A reader writes:
Regarding obesity prejudice, it is a conundrum. I am convinced there is a gene/heredity aspect to it. I have two sons. One is built like me (or at least like I was when I was 19. I've put on a few pounds myself in the last 30 years), tending to be slender. The other is built like my father in law, thick throughout, from the shoulders, through the chest and hips, right down to his calves. He is overweight, but not obese. Both grew up in the same house eating the same food.
I think the prejudice comes from seeing obese people who appear to not even be trying. You see them at the store driving around in the parking lot waiting for that close-in spot so they don't have walk an extra 50 or 100 feet. You see them in the restaurants eating chicken fried steak with gravy and fries instead of grilled chicken and a salad. You see a lot of them wearing ill-fitting clothes that accentuate their weight. You wonder if they have given up, and many probably have. On the other hand, I know many people who are overweight or bordering on obese. They are active (including walking, running or some other form of exercise). They dress in clothes that fit properly, and have an air of self-confidence. Those people aren't, to my observation, discriminated against.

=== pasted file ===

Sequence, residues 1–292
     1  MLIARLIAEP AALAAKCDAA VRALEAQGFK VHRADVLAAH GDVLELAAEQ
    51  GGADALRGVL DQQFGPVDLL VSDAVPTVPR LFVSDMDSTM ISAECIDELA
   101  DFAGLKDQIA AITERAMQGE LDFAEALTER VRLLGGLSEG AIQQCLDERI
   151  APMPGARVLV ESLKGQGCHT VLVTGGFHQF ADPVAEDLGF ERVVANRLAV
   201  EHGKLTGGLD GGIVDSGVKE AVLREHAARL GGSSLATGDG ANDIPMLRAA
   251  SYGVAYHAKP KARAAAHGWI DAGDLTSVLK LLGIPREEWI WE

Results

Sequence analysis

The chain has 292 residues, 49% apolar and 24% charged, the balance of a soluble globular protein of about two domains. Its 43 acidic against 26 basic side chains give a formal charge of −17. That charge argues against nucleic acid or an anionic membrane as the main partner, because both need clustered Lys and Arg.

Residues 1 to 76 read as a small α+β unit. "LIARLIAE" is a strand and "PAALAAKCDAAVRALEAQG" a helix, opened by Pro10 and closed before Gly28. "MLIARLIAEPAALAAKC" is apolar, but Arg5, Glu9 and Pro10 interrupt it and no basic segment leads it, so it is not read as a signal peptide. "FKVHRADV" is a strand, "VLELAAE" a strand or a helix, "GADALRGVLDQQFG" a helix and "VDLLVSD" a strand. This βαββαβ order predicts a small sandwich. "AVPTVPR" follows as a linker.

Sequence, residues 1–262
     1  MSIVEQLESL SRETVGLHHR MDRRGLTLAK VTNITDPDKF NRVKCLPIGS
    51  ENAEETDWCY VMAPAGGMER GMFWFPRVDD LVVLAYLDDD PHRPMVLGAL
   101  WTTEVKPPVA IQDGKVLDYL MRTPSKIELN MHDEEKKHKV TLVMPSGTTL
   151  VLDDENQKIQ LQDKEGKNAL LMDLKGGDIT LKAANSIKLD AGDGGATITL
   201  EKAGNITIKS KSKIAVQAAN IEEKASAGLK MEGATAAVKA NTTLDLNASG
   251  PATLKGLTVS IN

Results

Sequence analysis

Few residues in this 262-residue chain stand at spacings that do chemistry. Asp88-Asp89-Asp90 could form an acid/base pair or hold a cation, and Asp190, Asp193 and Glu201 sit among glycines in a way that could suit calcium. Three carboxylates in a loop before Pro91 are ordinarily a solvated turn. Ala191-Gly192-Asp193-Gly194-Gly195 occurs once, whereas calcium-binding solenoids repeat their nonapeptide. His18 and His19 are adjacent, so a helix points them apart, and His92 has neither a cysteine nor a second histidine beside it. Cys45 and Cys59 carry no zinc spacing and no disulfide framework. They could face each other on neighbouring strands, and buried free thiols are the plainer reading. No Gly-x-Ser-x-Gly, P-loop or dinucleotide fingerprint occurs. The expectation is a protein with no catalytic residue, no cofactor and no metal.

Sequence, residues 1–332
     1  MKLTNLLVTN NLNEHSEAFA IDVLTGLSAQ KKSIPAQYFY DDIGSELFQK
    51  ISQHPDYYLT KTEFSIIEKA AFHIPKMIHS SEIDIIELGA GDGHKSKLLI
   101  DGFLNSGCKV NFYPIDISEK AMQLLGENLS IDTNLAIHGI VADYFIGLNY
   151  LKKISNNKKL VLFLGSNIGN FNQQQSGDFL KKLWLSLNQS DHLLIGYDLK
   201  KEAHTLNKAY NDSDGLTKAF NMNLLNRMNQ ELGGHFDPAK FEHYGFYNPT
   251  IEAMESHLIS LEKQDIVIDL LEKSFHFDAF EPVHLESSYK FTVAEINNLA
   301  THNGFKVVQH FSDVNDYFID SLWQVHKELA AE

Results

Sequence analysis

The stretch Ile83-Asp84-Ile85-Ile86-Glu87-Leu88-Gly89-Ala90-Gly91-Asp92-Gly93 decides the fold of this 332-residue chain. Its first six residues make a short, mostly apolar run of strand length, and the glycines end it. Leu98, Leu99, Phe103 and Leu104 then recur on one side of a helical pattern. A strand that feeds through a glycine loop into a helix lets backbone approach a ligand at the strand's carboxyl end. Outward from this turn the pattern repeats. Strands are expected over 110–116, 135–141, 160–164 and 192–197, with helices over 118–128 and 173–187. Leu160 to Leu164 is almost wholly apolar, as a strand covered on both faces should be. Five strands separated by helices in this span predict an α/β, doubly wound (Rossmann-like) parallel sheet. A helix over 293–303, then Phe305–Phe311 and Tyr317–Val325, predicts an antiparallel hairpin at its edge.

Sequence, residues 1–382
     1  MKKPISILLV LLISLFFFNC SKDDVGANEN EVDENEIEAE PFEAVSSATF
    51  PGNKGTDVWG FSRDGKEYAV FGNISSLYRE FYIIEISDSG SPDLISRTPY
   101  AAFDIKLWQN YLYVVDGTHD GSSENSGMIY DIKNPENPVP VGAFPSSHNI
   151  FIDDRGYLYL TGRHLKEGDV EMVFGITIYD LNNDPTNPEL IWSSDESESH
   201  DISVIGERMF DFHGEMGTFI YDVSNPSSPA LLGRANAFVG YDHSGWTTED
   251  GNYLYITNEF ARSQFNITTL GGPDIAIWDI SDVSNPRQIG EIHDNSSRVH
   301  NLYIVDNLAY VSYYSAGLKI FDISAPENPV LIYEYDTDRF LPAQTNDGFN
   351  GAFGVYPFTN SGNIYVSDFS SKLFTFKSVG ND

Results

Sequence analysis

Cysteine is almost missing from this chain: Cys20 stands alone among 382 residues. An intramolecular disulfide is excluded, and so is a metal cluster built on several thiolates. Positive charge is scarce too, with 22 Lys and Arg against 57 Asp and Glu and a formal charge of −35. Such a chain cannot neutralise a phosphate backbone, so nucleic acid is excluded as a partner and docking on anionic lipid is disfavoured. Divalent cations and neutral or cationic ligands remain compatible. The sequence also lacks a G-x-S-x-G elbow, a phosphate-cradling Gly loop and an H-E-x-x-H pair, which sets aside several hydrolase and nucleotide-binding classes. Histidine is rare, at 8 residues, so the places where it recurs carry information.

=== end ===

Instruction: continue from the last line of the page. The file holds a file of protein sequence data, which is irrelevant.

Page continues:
So, maybe the discrimination is against sloppy, poorly dressed people, who don't seem to care about their appearance. For example, the photo you posted of the very large lady wearing a bikini. When I'm at the beach, I wear a loose fitting swim suit, and know body pays any attention to me. If I wore a Speedo, everyone would be saying "look at that fat guy wearing the Speedo." So, the conundrum is that there are some aspects of obesity that can't be helped, but there are others that can. I think the discrimination is against those who don't seem to care about their appearance or health.